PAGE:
Outpatient Surgery Magazine

Pushing For Change - July 2020 - Subscribe to Outpatient Surgery Magazine

Outpatient Surgery Magazine, providing current information on Surgical Services, Surgical Facility Administration, Outpatient Surgery News and Trends, OR Excellence and more.

Issue link: http://magazine.outpatientsurgery.net/i/1268525

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Page 18 of 110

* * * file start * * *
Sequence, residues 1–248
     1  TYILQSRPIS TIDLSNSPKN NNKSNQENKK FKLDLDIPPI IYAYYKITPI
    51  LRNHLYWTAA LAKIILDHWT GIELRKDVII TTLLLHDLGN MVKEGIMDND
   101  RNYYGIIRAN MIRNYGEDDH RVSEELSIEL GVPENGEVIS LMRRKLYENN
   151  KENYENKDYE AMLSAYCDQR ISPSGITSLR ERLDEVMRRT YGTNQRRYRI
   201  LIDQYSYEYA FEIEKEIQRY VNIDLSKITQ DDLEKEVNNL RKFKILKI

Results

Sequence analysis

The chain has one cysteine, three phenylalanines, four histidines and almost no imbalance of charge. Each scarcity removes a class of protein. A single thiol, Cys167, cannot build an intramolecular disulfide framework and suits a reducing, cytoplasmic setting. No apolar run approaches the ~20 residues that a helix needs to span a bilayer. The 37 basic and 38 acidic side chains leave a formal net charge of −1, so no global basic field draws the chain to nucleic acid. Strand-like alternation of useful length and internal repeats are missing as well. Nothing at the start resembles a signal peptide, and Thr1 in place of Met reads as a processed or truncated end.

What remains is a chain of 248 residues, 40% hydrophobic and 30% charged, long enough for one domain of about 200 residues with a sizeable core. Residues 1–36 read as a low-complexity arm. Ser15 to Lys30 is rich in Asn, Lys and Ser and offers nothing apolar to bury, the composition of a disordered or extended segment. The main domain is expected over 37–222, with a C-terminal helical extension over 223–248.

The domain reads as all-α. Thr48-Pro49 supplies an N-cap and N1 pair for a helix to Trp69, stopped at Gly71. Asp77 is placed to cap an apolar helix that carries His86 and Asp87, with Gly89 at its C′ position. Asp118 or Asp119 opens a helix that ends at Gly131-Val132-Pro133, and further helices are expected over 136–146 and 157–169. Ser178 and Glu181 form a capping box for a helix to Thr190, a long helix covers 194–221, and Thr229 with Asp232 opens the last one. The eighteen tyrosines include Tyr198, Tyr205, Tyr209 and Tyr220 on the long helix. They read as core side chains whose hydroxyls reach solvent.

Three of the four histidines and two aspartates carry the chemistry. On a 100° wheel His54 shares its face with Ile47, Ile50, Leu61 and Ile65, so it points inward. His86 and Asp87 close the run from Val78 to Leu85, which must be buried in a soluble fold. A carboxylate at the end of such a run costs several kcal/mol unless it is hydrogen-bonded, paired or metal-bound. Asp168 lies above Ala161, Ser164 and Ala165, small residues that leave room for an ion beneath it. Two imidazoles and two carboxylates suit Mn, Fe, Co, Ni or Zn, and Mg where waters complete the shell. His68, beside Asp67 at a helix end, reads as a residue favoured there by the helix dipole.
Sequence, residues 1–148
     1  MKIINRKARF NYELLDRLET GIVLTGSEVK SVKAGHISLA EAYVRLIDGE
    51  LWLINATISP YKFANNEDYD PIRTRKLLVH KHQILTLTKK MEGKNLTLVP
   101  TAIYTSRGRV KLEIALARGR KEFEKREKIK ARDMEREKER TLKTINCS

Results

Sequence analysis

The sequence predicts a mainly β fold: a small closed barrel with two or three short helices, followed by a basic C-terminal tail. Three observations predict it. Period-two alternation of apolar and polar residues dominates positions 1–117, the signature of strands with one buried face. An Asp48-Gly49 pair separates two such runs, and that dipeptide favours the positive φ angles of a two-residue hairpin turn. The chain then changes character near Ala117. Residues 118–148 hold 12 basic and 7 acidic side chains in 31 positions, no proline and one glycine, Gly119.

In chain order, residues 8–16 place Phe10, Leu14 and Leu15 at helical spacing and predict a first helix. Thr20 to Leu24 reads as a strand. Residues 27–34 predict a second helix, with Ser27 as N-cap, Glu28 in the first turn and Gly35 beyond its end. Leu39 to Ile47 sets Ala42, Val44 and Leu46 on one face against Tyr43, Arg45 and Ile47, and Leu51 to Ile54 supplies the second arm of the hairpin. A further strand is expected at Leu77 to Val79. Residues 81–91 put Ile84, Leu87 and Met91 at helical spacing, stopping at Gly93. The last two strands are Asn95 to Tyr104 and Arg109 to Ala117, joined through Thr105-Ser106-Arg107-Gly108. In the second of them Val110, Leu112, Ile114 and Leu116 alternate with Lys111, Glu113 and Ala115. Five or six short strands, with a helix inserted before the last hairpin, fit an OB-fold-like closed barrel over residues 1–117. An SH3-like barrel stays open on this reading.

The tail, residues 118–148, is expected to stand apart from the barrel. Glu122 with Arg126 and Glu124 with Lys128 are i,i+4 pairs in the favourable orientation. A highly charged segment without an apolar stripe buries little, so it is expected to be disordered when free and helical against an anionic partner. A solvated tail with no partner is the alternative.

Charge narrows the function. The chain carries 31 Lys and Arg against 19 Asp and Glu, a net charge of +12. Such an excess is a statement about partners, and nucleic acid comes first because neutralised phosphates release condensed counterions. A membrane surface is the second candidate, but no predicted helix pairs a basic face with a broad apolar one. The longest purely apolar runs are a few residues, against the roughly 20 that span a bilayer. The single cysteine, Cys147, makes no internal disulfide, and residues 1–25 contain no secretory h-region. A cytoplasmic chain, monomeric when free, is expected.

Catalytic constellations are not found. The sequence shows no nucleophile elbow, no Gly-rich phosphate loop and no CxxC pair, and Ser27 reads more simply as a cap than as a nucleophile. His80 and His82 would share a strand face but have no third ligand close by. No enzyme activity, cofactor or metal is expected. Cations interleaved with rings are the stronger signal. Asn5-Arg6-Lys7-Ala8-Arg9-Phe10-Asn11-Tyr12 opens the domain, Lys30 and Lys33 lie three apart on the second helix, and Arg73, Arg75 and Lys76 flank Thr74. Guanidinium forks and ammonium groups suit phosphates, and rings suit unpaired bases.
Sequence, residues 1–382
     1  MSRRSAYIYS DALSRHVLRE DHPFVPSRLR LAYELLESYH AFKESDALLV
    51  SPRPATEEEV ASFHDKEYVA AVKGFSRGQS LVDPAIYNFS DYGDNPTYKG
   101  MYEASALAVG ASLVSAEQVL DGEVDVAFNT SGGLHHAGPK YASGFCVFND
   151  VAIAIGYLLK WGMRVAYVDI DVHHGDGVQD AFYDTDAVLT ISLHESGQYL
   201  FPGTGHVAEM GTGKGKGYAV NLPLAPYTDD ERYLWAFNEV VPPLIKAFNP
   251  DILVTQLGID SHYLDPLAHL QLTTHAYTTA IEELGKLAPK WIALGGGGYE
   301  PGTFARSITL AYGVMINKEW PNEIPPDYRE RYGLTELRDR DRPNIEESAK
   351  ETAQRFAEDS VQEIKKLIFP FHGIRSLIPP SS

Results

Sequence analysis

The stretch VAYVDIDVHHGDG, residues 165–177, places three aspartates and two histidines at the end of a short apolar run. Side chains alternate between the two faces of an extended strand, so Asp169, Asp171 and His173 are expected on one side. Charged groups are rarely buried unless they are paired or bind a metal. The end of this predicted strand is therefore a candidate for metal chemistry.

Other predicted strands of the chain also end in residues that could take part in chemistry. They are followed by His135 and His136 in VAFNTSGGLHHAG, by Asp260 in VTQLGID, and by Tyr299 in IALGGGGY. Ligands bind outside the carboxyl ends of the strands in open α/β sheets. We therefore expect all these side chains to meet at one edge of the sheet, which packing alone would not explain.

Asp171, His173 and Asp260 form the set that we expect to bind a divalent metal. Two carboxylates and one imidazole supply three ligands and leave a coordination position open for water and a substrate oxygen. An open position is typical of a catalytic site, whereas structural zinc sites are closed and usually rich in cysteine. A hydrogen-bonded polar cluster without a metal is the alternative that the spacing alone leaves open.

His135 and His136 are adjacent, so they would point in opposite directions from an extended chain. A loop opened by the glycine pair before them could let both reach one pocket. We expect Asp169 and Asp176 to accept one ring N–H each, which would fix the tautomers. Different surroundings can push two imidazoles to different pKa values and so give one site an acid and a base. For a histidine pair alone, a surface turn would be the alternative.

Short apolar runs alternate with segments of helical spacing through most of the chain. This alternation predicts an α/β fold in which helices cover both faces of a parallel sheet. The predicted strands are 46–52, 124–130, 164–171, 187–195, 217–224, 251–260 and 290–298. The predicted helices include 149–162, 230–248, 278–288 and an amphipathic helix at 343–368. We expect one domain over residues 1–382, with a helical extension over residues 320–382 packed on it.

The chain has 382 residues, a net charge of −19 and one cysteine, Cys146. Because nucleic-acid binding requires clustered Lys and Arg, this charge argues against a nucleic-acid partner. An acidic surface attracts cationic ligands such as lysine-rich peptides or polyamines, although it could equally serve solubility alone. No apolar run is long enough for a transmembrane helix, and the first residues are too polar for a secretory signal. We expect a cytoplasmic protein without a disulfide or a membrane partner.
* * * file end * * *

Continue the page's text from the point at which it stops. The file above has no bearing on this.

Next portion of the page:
rience as an epidemic intelligence officer for the CDC to help guide the algorithm's development. For practical reasons, it's easy to apply; the team's goal was to have the guidelines created by the PPE task- force, ratified by hospital leadership and implemented within 72 hours. He says leadership from all service lines must be involved in implementing the algorithm's steps. To determine the level of PPE needed for a particular case, refer to the flow chart (opposite page). The first step is to decide the surgery's level of risk, which depends on the anticipated viral bur- den at the surgical site and the likelihood that a procedure would aerosolize the virus. High-risk cases include any involving the open aerodigestive tract such as nasopharyngeal and oropharyngeal pro- cedures; bronchoscopy; endoscopy of the GI tract; and surgery of the bowel with gross contamination. Next, consider the results of the patient's screening for symptoms of COVID-19 (fever, cough, sore throat). Surgical teams can wear stan- dard surgical attire during surgery performed on patients who do not present for surgery with symptoms, according to the algorithm. If the patient does screen positive for symptoms, consider delaying the case or proceeding with staff wearing the highest level of barrier protec- tion. Patients who screen positive for symptoms at Stanford Health are subjected to in-house reverse transcription polymerase chain reaction (RT-PCR) testing, which detects presence of the coronavirus. Dr. Forrester concedes many facilities don't have immediate access to such resources. "Much of the PPE triage is based on COVID-19 test- ing," says Dr. Forrester. "Facilities that don't have access to effective testing must operate with more stringent PPE protocols in place." PPE availability, anticipated burn rates and supply chain disruptions may require modification of the algorithm, according to Dr. Forrester. J U L Y 2 0 2 0 • O U T P A T I E N T S U R G E R Y . N E T • 1 9

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